OK, that was easy. But there’s something worse than underappreciating people who are different from us. What is an employee actually shares hobbies with us? Cheers the same football team? What if your kids go to the same class? Endless what-ifs. Our sympathy towards the teammate who’s so much like us can once again cloud our judgement and make us over-appreciate certain people.
Worse, the rest of the team sees everything. And they’ll judge you mercilessly.
You’re not as impartial as you think you are
Be on the lookout for bias traps. Hard data is your most honest and trusted friend, feelings are not. So, if Greg has a lot better results than any other team member, he is objectively a better employee, even though his work style does not make him as likeable as the rest of the team.
Up next: the amount of time you devote to your team. No, it’s not about you doing what is their job. It’s not about sharing your life’s details with them. Your job is to be an actual manager. Support your colleagues, talk to them, consult things, discuss important details, give insight. Don’t just say pathetic things like “it’s your job, not mine” or “you’re the expert here!” The manager has to be an actual part of the team, otherwise everything is going to fall apart.
No, this does not mean squandering your precious time and resources on helping people instead of doing your job. This is actually your job.
Perhaps you often find yourself thinking that if you just had enough time, you’d do everything better than anyone else. Right? I doubt that. The bigger the company, the smaller the chance of that happening. But let’s assume that you can do all that and you really are the best specialist around. Now, your brought this on yourself.
If you want your co-workers to move forward, you need to allow them to make mistakes. Teams are like newborns — they are helpless at the beginning and unable to do anything right the first time. They need practice. They need you to let them walk and let them fall. Otherwise, they’re not going to learn anything, babies and your team members alike.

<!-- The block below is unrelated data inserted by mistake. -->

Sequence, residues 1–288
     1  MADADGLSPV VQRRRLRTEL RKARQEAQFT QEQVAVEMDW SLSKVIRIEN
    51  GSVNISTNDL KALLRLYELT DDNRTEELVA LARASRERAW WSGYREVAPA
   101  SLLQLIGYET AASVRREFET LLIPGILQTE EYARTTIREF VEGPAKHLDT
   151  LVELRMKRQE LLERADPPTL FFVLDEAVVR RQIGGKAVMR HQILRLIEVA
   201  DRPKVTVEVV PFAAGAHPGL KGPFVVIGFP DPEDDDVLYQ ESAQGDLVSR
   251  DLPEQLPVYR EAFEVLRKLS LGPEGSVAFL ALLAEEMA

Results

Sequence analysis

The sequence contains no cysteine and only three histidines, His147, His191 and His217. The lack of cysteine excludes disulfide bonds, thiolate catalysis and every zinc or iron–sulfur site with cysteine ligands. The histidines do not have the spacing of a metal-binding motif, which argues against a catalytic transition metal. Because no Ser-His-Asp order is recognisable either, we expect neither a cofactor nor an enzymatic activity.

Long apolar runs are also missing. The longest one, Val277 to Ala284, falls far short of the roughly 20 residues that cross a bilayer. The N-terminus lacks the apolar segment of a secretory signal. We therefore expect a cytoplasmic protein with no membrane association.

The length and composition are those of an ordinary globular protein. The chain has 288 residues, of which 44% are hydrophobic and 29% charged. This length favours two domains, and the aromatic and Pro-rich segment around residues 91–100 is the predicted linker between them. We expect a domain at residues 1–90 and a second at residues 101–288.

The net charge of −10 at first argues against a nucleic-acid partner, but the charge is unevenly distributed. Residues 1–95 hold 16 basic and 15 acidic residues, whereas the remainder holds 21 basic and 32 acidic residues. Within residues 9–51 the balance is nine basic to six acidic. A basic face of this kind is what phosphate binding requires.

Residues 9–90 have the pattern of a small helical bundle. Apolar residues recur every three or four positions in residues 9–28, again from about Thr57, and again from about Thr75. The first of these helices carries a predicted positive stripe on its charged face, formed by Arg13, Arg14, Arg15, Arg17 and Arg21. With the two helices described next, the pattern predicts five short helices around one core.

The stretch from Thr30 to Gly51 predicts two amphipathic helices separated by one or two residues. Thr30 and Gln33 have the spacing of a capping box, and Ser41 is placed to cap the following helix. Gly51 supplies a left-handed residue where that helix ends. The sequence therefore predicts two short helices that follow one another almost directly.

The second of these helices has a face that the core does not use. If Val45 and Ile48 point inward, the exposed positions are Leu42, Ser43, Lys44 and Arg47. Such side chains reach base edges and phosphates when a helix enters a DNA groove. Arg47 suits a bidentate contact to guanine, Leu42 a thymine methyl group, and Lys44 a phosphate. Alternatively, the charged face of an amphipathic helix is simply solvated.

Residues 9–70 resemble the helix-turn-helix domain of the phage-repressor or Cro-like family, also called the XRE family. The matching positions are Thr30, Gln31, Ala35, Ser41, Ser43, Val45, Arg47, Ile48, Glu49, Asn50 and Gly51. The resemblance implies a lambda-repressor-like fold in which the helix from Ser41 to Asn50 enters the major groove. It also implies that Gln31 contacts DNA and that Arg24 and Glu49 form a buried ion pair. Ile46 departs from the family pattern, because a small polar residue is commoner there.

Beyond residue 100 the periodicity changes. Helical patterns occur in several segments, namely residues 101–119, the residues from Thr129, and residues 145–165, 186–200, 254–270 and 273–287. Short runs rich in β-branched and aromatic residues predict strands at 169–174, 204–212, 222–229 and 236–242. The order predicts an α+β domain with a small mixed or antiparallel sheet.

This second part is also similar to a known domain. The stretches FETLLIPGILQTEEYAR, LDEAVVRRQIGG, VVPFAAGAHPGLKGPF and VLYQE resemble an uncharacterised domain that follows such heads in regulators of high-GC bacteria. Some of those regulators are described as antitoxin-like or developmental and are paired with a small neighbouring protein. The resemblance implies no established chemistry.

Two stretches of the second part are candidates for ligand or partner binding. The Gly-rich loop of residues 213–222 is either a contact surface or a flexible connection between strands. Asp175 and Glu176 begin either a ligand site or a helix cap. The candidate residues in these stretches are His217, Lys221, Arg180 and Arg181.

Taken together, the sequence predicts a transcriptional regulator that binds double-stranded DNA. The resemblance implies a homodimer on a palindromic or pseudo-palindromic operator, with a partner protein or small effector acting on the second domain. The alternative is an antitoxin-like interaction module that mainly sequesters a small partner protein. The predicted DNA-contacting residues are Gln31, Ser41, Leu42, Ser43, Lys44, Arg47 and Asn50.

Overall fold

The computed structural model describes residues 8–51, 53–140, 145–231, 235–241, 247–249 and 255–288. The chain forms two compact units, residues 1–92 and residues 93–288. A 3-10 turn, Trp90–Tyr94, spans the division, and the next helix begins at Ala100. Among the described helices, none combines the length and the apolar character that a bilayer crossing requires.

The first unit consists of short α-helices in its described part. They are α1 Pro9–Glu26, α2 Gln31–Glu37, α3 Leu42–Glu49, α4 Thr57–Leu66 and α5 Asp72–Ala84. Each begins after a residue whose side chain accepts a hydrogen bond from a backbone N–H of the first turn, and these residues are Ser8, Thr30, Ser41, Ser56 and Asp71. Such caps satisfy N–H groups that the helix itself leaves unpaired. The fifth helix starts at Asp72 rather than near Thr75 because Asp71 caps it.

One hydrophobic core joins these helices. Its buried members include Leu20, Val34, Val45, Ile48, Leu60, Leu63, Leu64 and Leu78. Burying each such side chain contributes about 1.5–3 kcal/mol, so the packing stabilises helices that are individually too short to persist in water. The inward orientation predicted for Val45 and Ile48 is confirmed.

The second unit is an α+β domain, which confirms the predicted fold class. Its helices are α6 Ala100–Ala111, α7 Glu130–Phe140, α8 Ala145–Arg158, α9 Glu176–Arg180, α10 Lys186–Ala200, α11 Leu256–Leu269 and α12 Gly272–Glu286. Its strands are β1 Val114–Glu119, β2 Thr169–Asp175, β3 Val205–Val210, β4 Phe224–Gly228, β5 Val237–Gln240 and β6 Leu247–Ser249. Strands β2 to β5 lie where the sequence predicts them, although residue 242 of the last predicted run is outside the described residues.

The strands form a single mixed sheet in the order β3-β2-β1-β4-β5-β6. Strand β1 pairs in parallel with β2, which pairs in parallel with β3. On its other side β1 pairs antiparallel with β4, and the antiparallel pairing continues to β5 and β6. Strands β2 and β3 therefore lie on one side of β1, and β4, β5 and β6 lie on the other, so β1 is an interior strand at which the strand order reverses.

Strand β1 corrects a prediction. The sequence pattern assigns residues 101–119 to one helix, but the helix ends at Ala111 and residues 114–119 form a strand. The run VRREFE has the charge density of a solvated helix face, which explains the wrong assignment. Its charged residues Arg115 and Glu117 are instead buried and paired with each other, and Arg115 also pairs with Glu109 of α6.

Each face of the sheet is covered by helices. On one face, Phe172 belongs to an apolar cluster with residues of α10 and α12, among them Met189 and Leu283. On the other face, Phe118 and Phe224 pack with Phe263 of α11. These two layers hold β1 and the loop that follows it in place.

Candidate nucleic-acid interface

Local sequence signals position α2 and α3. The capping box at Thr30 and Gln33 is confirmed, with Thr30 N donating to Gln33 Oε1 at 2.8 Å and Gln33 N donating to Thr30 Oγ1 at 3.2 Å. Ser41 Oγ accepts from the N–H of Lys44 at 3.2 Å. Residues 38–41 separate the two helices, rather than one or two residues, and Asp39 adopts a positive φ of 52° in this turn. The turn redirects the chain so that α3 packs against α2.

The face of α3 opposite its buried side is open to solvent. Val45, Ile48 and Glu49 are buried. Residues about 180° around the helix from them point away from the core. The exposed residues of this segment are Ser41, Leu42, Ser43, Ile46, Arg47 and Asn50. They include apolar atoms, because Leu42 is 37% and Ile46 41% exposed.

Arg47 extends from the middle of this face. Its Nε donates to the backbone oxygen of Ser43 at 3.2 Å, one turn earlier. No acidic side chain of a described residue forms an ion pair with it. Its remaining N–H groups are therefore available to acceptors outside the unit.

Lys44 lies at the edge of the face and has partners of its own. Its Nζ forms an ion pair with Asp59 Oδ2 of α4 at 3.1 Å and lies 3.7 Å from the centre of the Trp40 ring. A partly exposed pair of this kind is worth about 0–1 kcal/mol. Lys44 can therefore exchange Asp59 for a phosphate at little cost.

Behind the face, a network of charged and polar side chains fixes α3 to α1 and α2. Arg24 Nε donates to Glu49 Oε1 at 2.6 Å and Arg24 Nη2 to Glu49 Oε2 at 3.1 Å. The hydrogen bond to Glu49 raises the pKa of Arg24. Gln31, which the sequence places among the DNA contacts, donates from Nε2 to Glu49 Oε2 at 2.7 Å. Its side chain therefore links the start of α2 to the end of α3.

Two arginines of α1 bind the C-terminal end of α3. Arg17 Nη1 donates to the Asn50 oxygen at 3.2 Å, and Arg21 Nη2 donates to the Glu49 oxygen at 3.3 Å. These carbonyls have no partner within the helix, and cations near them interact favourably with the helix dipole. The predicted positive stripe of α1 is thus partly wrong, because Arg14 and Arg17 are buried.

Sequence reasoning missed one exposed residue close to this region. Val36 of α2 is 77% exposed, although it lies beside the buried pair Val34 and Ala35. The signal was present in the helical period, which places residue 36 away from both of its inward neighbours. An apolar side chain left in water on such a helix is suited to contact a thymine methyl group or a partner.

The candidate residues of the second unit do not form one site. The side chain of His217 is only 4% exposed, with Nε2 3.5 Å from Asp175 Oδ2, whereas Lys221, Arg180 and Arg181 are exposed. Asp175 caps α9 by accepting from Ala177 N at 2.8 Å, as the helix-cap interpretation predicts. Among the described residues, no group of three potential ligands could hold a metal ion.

Fairness and honesty
Alright, we know the drill — sometimes it’s very tempting to hide or manipulate a certain fact, just to make sure we reached our targets. But it’s not going to work for your team. See, people in general have this instinct that tells them something’s wrong, that someone’s not being honest with them. They might not see the trick, but they’ll surely know there was one. When you see an illusionist’s performance, what you admire is not magic, but their wits and prowess in fooling people.
So, will your most talented co-worker want to stay in a dishonest environment? Doubtful. No one expects a manager to spit out everything he knows. But everything they say must be true and they must play fair. What one gives one receives.
All this looks simple, doesn’t it? It seems expensive too, and time-consuming as well. But mastering the art of managership is worth it, trust me. This is the way to build a well-organized team that trusts their manager, who happens to be yourself! This is the way to brave the most difficult challenges.
So, don’t make matters worse when you can easily make everything better.
by Marcin Nowak, Head of People Team at G2A.COMBack